Analysts like John Mearsheimer
who hold this view tend to focus on signs of closer Sino–Russian relations. A
30-year gas deal, arms deals, joint naval exercises in the Mediterranean, a
currency swap agreement, complimentary stances on strategic issues and a
propensity to provide each other political support in front of Western critics
all seem to point in that direction. These analysts then conclude that a ‘soft’
Sino–Russian alliance is coming to intentionally target the United States.
But these arguments are
flawed. There is still strategic distrust between the two powers. And China has
refused to compromise on its principles of non-interference and sovereignty by
supporting Russia’s annexation of Crimea.
Yet a more fundamental
mistake is that these analysts underestimate the China–Ukraine relationship.
It’s problematic to say China and Russia are moving closer due to the crisis if
Beijing hasn’t altered its cooperation with Kiev. While China–Ukraine relations
appeared frozen at the height of the crises, they’ve now begun to warm up with
increasing signs of exchange and cooperation in economics, trade and other
Some question whether
Beijing abandoned Kiev. The Ukraine crisis did put Beijing in a dilemma: both
Russia and Ukraine are its strategic partners. Some observers assume that a
rational choice was to stand with Moscow, but this underestimates the
importance of Ukraine in Beijing’s calculations. Apart from shared economic
interests, Ukraine is more willing to sell advanced weapons and share sensitive
technology with China than Russia.
Abandoning Ukraine may never
be an option for China, although a short period of stagnation is possible.
While Beijing is usually active in evacuating its civilians from restive
situations, that did not happen in Ukraine. Chinese investors, most of which are
After years of social and
political instability, Kiev needs trade and investment to rebuild its national
economy and China is ready to export infrastructure development projects under
the One Belt, One Road initiative. Senior diplomats
from both nations have expressed their willingness to cooperate under the
initiative. All this indicates that China and Ukraine are ready to restore and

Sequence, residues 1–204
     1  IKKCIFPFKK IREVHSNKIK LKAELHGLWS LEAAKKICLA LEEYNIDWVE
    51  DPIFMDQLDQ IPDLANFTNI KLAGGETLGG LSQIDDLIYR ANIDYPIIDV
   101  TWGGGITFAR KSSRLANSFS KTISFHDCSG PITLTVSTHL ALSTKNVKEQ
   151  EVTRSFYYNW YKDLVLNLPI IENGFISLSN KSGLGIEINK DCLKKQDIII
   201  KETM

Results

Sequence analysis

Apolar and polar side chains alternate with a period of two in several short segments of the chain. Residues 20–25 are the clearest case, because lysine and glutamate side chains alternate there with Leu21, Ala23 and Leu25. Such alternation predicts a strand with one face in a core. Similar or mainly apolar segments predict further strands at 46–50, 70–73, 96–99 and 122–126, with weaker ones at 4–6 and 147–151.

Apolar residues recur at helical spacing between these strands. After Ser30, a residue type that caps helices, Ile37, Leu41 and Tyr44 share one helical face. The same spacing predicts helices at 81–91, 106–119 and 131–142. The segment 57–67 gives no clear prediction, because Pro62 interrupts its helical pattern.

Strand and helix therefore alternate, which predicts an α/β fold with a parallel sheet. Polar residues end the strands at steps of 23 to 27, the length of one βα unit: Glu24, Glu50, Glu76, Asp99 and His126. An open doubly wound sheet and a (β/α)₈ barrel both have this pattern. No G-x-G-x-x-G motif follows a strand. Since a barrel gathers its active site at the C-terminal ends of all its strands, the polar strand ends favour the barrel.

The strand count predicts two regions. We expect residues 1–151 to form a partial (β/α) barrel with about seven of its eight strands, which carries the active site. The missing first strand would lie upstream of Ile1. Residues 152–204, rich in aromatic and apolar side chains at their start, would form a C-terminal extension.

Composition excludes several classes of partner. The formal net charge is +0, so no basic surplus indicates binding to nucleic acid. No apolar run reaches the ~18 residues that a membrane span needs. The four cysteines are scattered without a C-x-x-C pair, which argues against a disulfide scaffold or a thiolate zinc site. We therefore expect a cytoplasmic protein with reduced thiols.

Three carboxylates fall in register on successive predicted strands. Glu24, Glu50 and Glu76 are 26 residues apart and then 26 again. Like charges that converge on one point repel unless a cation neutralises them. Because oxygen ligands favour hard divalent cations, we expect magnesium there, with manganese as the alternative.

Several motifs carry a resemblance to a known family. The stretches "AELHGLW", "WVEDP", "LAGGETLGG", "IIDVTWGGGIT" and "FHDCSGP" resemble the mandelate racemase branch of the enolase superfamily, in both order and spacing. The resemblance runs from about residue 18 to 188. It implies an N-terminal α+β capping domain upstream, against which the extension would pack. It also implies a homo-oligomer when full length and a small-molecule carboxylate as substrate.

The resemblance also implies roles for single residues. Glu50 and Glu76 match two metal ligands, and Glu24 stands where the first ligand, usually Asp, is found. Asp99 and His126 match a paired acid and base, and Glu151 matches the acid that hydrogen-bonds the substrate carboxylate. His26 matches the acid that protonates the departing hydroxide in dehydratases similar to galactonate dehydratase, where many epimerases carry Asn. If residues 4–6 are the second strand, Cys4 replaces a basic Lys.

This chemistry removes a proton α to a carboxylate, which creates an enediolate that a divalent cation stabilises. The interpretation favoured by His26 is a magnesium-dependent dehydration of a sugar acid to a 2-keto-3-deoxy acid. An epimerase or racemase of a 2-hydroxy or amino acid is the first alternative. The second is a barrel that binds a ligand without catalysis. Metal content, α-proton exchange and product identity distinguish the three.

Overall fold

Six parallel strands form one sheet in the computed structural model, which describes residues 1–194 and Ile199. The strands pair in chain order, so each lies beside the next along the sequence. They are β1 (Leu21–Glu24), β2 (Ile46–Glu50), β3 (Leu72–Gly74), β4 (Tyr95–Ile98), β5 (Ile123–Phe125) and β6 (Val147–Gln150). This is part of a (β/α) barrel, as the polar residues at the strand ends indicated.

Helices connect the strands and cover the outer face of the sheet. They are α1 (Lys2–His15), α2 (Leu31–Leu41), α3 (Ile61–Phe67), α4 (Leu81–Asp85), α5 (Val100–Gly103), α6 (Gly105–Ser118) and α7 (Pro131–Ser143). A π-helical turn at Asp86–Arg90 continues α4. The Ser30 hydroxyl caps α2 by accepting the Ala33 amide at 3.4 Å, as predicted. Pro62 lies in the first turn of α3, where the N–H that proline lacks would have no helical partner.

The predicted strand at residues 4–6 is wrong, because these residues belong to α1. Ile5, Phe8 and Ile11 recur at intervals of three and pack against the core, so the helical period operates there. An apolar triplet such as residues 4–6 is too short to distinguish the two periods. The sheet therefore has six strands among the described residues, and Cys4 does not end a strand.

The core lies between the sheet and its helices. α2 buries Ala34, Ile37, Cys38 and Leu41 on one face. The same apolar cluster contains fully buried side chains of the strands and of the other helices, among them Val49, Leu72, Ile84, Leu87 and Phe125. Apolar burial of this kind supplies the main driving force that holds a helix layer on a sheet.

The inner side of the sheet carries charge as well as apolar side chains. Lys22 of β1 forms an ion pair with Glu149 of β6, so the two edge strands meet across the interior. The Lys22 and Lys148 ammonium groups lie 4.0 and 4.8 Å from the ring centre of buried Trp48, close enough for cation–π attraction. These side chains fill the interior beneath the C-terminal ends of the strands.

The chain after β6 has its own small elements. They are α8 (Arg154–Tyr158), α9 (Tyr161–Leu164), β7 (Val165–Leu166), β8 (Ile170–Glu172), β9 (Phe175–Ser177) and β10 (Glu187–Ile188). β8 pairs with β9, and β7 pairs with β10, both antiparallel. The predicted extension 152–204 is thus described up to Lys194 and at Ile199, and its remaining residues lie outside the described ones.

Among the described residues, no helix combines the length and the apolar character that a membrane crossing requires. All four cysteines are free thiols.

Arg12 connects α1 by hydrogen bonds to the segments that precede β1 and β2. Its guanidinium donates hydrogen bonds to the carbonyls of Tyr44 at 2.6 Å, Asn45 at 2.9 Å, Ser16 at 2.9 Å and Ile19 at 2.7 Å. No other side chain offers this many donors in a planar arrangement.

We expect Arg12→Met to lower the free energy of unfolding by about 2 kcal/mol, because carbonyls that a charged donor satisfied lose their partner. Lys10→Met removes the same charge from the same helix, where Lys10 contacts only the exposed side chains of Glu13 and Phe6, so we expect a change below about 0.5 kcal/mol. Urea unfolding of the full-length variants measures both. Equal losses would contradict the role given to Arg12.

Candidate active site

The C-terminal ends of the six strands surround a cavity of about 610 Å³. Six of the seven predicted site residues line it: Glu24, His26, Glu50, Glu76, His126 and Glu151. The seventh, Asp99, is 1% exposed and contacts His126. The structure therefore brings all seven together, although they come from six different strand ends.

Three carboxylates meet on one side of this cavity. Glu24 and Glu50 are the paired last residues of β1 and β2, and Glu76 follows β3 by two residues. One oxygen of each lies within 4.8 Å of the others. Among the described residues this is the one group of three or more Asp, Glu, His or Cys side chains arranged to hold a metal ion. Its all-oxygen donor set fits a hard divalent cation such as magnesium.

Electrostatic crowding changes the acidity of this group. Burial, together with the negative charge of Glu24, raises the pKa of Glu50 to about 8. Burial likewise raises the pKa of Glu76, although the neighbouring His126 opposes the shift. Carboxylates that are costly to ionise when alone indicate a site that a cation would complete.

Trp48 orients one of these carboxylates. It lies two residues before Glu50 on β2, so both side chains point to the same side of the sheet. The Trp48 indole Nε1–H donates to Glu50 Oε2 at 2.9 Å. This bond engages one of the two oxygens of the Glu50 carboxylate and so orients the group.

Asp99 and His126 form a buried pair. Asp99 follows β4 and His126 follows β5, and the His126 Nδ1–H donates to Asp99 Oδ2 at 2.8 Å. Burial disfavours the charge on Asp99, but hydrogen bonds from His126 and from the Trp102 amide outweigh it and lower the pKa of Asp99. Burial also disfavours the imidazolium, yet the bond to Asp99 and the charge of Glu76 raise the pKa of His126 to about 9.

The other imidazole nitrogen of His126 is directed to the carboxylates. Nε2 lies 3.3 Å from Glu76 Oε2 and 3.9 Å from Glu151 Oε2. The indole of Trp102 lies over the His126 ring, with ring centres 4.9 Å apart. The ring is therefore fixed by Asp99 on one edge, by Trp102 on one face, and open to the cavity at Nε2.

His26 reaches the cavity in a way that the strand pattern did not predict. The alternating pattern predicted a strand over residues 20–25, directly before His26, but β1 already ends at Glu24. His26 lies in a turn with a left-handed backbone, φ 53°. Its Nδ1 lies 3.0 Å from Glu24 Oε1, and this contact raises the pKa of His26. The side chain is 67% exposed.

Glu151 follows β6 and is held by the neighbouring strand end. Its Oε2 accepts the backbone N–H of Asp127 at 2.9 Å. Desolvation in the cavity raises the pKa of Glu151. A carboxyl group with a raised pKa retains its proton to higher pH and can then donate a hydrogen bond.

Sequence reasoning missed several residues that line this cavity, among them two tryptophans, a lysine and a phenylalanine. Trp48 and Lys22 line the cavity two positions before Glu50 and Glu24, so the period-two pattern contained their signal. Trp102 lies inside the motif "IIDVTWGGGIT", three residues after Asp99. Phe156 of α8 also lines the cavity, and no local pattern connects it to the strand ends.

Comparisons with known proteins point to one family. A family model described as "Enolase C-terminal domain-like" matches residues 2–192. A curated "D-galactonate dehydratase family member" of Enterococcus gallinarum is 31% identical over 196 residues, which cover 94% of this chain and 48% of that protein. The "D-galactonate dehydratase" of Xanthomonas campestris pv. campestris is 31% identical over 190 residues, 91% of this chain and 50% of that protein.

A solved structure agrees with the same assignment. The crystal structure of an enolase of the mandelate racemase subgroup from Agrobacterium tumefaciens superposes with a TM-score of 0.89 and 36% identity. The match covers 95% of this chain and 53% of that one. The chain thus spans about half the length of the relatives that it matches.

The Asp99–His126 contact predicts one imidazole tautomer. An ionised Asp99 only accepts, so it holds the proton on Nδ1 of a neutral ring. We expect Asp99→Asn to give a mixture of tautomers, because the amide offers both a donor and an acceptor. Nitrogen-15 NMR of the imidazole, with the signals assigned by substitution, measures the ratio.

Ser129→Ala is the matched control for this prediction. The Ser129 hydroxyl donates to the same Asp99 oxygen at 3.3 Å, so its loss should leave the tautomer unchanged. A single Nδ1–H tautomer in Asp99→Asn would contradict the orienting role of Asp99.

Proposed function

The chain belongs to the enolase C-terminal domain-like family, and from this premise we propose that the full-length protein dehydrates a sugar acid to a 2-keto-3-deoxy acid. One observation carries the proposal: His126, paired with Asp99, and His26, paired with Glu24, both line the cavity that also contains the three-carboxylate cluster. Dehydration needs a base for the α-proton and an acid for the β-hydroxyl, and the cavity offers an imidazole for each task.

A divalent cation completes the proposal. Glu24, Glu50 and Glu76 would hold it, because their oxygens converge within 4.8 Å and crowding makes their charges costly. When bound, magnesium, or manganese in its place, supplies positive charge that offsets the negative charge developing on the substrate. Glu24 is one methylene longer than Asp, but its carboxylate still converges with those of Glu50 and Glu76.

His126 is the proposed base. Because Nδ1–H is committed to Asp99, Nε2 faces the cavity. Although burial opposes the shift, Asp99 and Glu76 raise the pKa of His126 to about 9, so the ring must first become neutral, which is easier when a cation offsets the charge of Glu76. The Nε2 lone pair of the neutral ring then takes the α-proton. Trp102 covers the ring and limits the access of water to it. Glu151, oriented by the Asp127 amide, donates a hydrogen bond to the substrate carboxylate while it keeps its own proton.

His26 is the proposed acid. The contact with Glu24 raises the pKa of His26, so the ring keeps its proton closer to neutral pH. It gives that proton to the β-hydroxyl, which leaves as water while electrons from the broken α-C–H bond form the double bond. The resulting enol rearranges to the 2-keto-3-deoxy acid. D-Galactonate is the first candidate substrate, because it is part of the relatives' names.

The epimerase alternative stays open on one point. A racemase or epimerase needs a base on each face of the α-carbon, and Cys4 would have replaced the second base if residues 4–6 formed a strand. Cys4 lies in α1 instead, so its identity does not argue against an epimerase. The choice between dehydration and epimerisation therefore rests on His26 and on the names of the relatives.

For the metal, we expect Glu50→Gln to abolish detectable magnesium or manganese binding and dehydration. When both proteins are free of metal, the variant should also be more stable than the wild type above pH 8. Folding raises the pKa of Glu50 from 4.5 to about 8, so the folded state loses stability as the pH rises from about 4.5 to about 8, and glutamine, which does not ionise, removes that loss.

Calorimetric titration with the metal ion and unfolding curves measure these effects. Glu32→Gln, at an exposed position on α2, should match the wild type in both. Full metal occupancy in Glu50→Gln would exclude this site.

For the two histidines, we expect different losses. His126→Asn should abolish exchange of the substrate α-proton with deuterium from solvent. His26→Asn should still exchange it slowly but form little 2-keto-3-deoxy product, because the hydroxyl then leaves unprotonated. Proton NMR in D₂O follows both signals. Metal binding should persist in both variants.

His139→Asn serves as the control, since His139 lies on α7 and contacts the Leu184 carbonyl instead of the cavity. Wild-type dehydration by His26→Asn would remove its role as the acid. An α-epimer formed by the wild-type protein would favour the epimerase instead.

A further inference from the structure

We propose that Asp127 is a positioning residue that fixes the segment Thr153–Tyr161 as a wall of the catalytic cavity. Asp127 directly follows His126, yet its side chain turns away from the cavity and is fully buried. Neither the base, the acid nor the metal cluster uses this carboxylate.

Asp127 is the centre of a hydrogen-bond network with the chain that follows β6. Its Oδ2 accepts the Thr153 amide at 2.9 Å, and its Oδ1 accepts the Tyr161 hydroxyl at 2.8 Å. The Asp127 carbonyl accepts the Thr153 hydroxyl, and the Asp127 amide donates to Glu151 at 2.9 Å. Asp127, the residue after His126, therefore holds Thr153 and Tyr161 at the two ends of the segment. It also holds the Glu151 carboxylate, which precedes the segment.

improve their bilateral relations.
Many observers also argue
that China sided with Russia in the Crimean crisis. They then raise the
possibility that Russia may support China’s sovereignty claims in the East
China Sea and South China Sea
in return. But this is questionable.
Russia definitely has more
strategic significance than Ukraine in Beijing’s eyes, yet Beijing is not ready
to change its non-interference principle for Russia. In a joint communique on
the establishment of diplomatic relations in 1992 and again in subsequent
statements, China clearly recognised Crimea as under Ukraine’s sovereignty.
Backing down from this stance would hurt China’s credibility and antagonise the
There are multiple reasons
why Beijing supports Moscow beyond Ukraine. Both China and Russia face Western
criticisms for their domestic politics and human rights record, and both see
the United States as the top potential security threat. Due to a lack of legitimacy
from democratic elections or a widely accepted ideology, Chinese leaders are
sensitive to real or imaged external threats, which generates strong incentives
to help an isolated Russia.
after the crisis is asymmetric. Simply put, Russia needs China more than China
needs Russia. Putin has paid exorbitantly to please Beijing. In addition to the
gas deal, Moscow has given key infrastructure projects to Chinese investors and
agreed ‘in principle’ to sell Beijing some of its most advanced weapons.
Putin’s offer can only create a temporary boom in Sino–Russian relations. But
meanwhile seeds of distrust and resentment are taking root in the Kremlin due
to Beijing’s refusal to admit Russia’s sovereignty over Crimea and ambiguity on
other key issues.
And just like China remains
ambiguous on Crimea, Russia is unlikely to take sides in China’s maritime
disputes. Russia has long served as the most important partner of India and
Vietnam in national defence. Chinese leaders must remember that during the
China–India border disputes in the 1950s, the Soviet Union stood with India,
which contributed to the collapse of the Sino–Soviet alliance. In the 1980s,
Vietnam, backed by the Soviets, threated China’s border security from the
And while Russia has
disputes with Japan over the Kuril
Islands/Northern Territories, it probably won’t go as far as to antagonise
Tokyo. In the long term, the Kremlin will develop its economic interests with
Tokyo to avoid economic overreliance on China. It is possible that Beijing sees
Russia’s involvement in East Asian security as unhelpful and counterproductive,
considering that it raises uncertainty and closer ties with Russia exacerbate
Western suspicions of China’s strategic intentions.
Some argue that the Ukraine
crisis signals a closer Sino–Russian strategic partnership, which could
potentially undermine the United States’ position. But China–Ukraine relations
are actually warming up and will probably continue to do so. With this in mind,
it’s inaccurate to say China sides with Moscow or is the biggest winner from
the Ukraine crisis.
Duan Xiaolin is a PhD
candidate in Lee Kuan Yew School of Public Policy at the National University of